Fictitious Versus Fake Branding
Creating fictitious names for products is standard practice in many industries. Creating a brand that evokes a certain image or feeling is so commonplace that most of us don’t think twice about it.
Consider Genova Tonno. In the Italian language, Genova is the city of Genoa, and Tonno is tuna. So you might infer that a can of Genova Tonno contains tuna caught in the waters off Genoa. Actually, Genova Tonno is a specialty brand of tuna owned by Chicken of the Sea. The label says:
Genova Tonno© Premium Yellowfin Tuna. Wild caught from deep waters, Genova Select Yellowfin is all natural with no additives or preservatives. Genova is packed in the Mediterranean tradition with olive oil, which provides a rich and delicious flavor.
Chicken of the Sea is owned by a Thai-based company called Thai Union, which has its own packing facilities in Thailand. While the source of its tuna is never identified beyond “deep waters” it is believed that those deep waters are not off the coast of Italy, but rather are off the coast of Thailand.
By all reports, this is very tasty tuna. Do you really care that the manufacturer is positioning its product as being Italian when its heritage is clearly not Italian? If so, perhaps you should buy Asdomar which claims that its tuna is “100% processed in Italy.” Note: even this does not mean that all of their tuna is caught near Italy
Need another example? Would you be upset to know that Häagen-Dazs was born in the Bronx, New York in 1961? Its creators were not Scandinavians but rather two Polish immigrants, Reuben and Rose Mattus. Why did they choose the name Häagen-Dazs? The name was created to look Scandinavian for Americans because the European cachet radiates craftsmanship, tradition, and wholesomeness, thereby justifying the higher price.
Recently in the UK, Tesco has been drawing flak from consumers because they created seven fictitious farm names and are using them in marketing their products. Fake farm names such as Rosedene and Nightingale now provide a cachet to their product lines.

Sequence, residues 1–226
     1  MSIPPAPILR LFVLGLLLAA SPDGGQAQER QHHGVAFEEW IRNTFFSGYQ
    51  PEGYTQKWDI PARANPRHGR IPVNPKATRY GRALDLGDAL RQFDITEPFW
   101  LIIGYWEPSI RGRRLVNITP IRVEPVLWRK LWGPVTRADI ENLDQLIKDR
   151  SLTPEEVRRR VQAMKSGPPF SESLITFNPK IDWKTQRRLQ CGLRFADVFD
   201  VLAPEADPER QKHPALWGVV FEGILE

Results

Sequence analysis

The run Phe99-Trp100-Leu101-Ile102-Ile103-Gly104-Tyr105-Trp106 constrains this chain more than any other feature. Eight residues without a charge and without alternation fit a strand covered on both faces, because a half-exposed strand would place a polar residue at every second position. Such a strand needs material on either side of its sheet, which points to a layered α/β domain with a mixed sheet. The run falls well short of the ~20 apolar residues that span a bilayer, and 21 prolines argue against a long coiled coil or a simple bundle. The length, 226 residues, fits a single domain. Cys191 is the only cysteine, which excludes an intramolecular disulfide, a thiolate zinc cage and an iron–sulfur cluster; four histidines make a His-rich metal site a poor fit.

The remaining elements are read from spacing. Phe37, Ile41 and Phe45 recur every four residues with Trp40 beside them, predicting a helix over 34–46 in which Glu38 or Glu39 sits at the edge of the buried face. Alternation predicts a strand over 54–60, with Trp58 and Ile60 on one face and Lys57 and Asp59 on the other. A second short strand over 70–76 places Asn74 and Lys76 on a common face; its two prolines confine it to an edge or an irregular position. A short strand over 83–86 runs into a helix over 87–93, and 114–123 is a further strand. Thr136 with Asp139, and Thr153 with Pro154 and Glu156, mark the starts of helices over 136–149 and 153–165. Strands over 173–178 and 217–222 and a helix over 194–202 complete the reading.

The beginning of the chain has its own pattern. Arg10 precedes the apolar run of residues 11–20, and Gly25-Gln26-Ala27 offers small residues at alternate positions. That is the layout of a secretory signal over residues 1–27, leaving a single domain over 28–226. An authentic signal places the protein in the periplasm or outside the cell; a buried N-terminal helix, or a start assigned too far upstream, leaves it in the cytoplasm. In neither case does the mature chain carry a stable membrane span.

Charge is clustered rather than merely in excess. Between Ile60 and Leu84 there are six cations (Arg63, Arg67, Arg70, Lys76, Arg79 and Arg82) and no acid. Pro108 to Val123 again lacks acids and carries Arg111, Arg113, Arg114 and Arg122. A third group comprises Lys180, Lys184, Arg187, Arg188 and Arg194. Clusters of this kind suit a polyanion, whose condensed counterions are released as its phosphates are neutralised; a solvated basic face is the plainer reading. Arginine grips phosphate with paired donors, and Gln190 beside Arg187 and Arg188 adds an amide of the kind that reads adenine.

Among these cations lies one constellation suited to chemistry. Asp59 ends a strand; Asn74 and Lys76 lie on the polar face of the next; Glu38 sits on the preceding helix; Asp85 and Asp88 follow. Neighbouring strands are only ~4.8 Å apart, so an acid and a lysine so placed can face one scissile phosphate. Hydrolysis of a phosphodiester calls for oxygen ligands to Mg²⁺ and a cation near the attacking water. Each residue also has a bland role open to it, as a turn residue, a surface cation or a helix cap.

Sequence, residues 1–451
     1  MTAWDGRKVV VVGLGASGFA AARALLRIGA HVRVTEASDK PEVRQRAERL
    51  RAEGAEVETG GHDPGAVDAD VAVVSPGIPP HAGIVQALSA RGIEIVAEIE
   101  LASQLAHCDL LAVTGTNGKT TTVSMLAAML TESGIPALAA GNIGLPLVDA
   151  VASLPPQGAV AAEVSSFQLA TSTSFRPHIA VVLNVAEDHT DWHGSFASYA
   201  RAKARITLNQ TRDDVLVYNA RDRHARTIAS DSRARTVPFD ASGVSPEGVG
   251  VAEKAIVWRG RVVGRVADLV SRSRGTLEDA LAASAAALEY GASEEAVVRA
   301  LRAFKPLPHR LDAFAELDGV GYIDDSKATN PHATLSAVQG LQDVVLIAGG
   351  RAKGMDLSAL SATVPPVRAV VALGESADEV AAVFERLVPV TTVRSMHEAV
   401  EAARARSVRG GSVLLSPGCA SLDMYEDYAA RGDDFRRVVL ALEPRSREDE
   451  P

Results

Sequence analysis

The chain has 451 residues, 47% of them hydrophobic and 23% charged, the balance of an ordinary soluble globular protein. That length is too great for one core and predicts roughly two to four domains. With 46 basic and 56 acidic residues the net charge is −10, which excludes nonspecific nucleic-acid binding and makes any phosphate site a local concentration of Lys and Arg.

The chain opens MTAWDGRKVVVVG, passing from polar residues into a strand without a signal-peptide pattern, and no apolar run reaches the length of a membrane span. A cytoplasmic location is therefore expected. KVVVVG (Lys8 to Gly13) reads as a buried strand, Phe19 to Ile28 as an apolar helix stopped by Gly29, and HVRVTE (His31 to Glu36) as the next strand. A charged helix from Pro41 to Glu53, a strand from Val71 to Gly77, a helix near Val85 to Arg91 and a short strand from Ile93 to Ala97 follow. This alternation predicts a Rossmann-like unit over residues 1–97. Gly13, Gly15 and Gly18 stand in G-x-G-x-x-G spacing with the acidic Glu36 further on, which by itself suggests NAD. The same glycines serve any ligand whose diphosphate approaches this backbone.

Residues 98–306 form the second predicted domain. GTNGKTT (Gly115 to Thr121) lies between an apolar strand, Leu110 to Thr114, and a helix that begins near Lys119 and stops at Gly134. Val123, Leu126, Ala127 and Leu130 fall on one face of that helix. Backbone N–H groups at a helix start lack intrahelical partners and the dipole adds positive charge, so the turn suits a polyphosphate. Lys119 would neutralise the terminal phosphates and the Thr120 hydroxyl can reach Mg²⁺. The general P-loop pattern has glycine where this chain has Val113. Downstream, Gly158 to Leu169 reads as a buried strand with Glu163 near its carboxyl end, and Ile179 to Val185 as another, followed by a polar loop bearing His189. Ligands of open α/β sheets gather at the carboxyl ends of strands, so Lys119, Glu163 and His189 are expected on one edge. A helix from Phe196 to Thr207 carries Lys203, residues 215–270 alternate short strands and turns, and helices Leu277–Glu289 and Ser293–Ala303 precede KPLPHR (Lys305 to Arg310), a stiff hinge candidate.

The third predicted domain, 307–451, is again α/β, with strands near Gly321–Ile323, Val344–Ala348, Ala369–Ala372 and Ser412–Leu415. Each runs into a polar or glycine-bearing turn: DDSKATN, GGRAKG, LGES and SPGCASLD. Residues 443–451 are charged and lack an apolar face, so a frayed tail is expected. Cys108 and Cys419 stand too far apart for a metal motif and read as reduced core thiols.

“Authenticity” is a traditional buzzword for marketing. Studies have shown that brands should be authentic to build trust among consumers. At what point does a “fictitious” name cross the “authenticity line” and become a “fake” name?
The Tesco example shows one flash point is food sourcing. Consumers want to know where their food comes from and apparently once people discover that “Rosedene Farms” isn’t a real place they no longer trust that those apples sold under that brand name are of high quality. Critics in the UK are calling this practice “legal deception.”
The US Patent and Trademark Office has a fairly broad definition of what they consider to be “legal deception” in geographic names. The policy of a name being “geographically deceptively misdescriptive” would prevent the registration of such a trademark. According to the USPTO website, “A mark will be refused as primarily geographically deceptively misdescriptive if: (1) the primary significance of the mark is geographic; (2) purchasers would be likely to think that the goods or services originate in the geographic place identified in the mark, i.e., purchasers would make a goods/place or services/place association; and (3) the goods or services do not originate in the place identified in the mark.”
That would seem to indicate that Tesco might be facing some storm clouds on the horizon if they try to register their set of “fake farm names” in the US.
Perhaps I am immune to this issue because I am a professional name developer with 25+ years of experience as a consumer products marketer. I long ago stopped losing sleep over the fact that Betty Crocker isn’t a real person!